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2 weeks ago

Rhode Island State Association Of Firefighters

Thoughts and prayers to the family of K9 Police Officer Sean Gannon and members of the Yarmouth Police Department. RIP
www.google.com/amp/s/www.bostonglobe.com/metro/2018/04/12/police-officer-shot-barnstable-while-se...Our deepest condolences thoughts and prayers go out to the family of
Police Officer Sean Gannon
of the Yarmouth Ma. Police Department,

Officer Gannon was shot and killed while serving a warrant this evening in Marston's Mills. Please keep his family and friends all in prayer this evening.
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Thoughts and prayers to the family of K9 Police Officer Sean Gannon and members of the Yarmouth Police Department. RIP 
https://www.google.com/amp/s/www.bostonglobe.com/metro/2018/04/12/police-officer-shot-barnstable-while-serving-warrant/iq3qrVGXIiMlzQsSHAWHWM/amp.html

3 weeks ago

Rhode Island State Association Of Firefighters

International Association of Fire Fighters
IAFF General President Harold Schaitberger and General Secretary-Treasurer Ed Kelly are in Memphis, TN supporting Memphis Fire Fighters Association Local 1784 as they participate in the #MLK50 rally to honor the work of Dr. Martin Luther King, Jr. and to protest the disrespectful treatment of fire fighters by the City of Memphis during recent contract negotiations.
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RISAFF ON TWITTER

FYI L: SAFER GRANT DEADLINE

The deadline for submitting Staffing for Adequate Fire and Emergency Response (SAFER) grant applications is April 27 at 5:00 p.m. (EDT). IAFF staff are available to review your department’s SAFER application through... https://t.co/m51dIMRKIl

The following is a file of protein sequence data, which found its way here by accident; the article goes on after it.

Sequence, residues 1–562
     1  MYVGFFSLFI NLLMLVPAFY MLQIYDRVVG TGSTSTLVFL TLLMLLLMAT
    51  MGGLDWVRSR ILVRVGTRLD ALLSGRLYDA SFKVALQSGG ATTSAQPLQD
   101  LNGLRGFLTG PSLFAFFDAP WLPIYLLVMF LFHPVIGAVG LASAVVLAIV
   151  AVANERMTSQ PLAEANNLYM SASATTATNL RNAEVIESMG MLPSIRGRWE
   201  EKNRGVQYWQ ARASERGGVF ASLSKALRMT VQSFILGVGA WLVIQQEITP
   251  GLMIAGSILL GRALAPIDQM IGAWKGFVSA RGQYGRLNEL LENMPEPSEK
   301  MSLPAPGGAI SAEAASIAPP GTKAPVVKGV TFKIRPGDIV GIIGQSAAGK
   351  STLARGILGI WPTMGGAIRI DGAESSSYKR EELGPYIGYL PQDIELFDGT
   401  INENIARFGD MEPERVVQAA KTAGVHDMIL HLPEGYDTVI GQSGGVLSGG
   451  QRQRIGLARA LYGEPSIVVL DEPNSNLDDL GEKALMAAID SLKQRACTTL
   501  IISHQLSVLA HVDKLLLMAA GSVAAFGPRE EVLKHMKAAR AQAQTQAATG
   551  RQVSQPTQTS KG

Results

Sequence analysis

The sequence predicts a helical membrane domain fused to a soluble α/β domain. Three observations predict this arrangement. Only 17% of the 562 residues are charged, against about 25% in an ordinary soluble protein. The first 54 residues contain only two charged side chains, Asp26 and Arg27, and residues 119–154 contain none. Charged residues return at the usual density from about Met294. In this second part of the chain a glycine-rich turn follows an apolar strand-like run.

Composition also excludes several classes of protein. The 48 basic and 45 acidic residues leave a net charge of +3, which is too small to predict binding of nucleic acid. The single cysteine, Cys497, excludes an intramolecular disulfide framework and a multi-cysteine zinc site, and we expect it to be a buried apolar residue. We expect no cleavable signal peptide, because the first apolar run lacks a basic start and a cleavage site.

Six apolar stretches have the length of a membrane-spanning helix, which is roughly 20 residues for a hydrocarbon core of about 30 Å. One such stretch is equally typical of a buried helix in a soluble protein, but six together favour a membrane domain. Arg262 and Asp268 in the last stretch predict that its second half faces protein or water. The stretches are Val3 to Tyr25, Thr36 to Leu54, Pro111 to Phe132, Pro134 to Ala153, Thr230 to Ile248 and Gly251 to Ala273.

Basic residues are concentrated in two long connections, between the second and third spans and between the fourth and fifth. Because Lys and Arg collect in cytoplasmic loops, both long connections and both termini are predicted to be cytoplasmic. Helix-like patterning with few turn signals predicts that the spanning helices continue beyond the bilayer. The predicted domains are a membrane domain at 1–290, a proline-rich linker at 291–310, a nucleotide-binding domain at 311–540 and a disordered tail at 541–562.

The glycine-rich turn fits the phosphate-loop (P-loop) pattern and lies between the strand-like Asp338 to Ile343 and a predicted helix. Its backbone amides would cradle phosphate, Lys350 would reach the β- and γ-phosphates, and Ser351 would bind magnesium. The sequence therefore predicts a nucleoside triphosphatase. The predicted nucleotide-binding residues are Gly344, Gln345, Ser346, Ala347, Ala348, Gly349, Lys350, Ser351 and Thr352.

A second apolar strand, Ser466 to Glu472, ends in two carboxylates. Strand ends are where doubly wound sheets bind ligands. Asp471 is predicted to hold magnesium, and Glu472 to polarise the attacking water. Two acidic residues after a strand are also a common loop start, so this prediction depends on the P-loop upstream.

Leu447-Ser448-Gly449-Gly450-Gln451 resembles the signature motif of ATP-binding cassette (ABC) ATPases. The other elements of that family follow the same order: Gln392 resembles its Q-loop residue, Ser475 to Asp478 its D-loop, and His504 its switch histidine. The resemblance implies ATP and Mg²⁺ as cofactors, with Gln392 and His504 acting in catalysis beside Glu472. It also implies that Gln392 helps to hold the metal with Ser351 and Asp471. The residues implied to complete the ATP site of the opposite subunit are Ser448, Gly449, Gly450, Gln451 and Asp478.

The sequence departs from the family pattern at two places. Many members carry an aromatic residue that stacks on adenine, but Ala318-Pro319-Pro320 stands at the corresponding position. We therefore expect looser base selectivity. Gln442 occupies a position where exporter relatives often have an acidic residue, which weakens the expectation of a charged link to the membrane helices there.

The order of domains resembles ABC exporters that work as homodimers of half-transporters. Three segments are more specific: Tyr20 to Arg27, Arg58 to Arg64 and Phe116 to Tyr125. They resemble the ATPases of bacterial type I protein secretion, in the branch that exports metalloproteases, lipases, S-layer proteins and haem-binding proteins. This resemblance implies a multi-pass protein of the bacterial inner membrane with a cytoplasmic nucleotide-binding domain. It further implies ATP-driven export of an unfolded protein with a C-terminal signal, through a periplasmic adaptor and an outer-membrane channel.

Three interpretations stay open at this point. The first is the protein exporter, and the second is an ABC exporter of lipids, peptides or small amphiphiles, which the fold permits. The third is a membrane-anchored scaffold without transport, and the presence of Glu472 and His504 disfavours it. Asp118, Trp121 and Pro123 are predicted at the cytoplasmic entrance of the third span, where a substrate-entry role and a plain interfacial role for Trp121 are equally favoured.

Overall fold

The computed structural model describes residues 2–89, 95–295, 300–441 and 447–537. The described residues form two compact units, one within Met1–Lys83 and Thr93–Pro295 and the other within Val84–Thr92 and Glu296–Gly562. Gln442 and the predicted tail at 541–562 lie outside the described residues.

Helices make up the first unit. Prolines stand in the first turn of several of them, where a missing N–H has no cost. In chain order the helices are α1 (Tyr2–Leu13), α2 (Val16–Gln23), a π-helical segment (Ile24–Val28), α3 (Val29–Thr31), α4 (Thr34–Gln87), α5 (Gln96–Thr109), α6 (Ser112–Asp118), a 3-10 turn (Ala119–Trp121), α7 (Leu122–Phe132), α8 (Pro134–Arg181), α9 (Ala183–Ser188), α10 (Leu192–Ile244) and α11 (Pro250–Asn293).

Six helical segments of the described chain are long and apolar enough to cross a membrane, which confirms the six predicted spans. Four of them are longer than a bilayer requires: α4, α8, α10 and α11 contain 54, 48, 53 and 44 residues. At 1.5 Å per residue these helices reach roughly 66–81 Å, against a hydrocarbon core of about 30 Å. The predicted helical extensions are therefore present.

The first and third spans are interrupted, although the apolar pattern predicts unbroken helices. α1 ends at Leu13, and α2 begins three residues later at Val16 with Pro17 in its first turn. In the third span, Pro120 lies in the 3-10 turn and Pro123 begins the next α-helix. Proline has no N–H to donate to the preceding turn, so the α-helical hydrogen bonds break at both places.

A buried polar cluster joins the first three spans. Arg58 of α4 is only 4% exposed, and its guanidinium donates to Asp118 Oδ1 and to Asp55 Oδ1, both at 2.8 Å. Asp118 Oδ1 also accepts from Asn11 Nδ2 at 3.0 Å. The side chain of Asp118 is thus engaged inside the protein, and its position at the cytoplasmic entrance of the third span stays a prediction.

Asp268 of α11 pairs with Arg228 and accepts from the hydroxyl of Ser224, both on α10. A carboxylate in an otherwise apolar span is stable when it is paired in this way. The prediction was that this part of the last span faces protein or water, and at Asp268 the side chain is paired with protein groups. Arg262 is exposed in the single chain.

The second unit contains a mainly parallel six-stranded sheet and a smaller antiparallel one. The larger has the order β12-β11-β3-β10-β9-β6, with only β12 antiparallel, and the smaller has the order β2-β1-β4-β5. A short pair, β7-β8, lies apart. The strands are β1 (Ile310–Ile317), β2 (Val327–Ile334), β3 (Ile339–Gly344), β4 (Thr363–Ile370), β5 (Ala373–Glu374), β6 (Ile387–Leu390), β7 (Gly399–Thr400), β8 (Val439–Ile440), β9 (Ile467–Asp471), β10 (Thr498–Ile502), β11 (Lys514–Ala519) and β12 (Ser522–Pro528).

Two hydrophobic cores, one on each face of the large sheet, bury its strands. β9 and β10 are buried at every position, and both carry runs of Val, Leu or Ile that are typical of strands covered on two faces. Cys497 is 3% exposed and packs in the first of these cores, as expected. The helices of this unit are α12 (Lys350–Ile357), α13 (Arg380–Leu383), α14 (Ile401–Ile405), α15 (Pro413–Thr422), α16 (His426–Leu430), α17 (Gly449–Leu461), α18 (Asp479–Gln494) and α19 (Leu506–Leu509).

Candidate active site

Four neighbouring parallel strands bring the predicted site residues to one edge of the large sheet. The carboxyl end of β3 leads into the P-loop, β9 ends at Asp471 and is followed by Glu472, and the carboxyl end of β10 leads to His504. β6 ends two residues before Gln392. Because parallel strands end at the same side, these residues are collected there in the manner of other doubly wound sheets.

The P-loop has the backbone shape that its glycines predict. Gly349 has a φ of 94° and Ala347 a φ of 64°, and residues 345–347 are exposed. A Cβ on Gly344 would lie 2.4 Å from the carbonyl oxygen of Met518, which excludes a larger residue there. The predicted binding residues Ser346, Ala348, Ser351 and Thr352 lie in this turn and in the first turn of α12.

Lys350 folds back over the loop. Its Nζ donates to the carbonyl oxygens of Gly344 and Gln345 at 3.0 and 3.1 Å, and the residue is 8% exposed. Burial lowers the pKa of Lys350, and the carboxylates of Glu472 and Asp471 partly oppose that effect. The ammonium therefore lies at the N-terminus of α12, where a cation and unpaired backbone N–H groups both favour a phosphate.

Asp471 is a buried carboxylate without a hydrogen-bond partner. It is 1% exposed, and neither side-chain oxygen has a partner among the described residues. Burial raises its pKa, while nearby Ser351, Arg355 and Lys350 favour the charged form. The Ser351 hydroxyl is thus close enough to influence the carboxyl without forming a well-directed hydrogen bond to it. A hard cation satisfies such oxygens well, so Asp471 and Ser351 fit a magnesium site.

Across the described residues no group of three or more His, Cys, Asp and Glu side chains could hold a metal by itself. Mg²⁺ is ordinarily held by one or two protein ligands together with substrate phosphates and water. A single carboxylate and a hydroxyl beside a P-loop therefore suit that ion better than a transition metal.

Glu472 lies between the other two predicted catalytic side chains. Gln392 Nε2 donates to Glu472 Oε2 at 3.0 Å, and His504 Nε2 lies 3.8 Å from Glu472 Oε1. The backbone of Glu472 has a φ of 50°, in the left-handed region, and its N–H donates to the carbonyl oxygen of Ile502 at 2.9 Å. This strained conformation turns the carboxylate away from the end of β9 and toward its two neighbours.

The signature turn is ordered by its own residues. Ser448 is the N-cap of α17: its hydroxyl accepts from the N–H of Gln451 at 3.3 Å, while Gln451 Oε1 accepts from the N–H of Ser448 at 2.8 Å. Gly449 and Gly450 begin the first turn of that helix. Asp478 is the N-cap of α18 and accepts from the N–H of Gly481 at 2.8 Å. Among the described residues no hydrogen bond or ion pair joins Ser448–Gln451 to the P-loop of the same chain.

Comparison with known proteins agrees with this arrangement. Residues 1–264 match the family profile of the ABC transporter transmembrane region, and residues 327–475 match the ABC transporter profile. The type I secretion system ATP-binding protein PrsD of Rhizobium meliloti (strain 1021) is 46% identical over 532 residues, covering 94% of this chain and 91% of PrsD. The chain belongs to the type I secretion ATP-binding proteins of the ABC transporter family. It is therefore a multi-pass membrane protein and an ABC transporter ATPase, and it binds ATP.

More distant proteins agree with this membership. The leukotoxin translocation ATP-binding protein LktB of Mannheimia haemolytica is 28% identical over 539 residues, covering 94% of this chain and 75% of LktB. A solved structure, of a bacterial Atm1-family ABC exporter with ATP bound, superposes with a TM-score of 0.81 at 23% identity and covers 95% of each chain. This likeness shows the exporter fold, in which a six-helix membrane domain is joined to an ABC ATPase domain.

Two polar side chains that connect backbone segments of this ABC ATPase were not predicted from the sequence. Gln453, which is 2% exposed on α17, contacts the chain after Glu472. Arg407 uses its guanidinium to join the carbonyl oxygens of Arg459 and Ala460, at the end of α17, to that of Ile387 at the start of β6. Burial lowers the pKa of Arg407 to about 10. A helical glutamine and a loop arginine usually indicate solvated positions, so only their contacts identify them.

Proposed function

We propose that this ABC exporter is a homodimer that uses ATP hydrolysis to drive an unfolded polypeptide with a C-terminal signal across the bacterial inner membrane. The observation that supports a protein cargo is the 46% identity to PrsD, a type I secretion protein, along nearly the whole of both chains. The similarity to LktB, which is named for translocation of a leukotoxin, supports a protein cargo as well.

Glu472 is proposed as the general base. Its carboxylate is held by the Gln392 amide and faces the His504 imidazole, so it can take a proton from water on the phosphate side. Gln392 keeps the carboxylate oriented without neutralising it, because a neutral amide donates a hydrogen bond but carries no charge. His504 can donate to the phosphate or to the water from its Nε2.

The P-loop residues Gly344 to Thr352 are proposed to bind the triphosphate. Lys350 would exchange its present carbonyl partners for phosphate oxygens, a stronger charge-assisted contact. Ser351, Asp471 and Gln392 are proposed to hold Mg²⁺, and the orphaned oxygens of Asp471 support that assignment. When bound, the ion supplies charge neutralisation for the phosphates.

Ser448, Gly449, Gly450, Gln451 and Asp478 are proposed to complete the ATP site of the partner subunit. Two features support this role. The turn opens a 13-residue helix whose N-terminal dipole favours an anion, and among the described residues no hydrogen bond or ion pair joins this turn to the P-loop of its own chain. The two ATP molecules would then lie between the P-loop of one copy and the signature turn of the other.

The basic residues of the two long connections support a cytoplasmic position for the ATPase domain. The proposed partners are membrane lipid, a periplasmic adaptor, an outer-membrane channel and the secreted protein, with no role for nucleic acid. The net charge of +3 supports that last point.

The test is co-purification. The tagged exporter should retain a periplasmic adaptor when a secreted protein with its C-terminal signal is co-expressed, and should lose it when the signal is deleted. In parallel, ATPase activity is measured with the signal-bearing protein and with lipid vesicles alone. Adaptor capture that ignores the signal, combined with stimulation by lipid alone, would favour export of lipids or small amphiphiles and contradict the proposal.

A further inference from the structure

Thoughts and prayers to the family of K9 Police Officer Sean Gannon and members of the Yarmouth Police Department. RIP... https://t.co/TdEKU4F1re

FYI
https://t.co/OCVPsC5XED https://t.co/OCVPsC5XED

2018 MDA Boot Camp. Excellent work done by all RISAFF locals collecting $206,394.00 for MDA in… https://t.co/ZWzuRJgg33

Rhode Island State Association of Firefighters at 2018 MDA Boot Camp held at the Mohegan Sun Casino. Our MDA family this year is Alicia Martin and Mason Muro. Excellent job done by all RISAFF locals collecting a total of... https://t.co/4s0Ls9K7oM

East Greenwich Firefighters Local 3328 and many locals across New England are attending the MDA Bootcamp in Connecticut today @IAFFLocal3328 @IAFFNewsDesk @risaff @MDARIandSEMA @IAFFdist3VP @IAFFGST

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The Fiscal Year 2017 Staffing for Adequate Fire and Emergency Response (SAFER) grant application period opens March 26. The deadline for submitting grant applications is April 27 at 5:00 p.m. (EDT).

SAFER grants... https://t.co/1MXja7eiFq

Only 54 tickets left. Did you get yours? Get them today before it's too late!
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Be sure to watch the @boston25 special ‘Boston’s Bravest: Facing a Hidden Killer’. @BlairMillerTV sounds the alarm about the hidden dangers today’s #Firefighters face Tues. March, 13 8PM. Thank you, @BlairMillerTV @ChiefJoeFinn @marty_walsh & @THE_PFFM for raising awareness!

Rhode Island State Association of Firefighters Annual Legislative Dinner held during the IAFF Legislative... https://t.co/dmq6buIZoH

RISAFF - LODD Fundraiser with Providence Bruins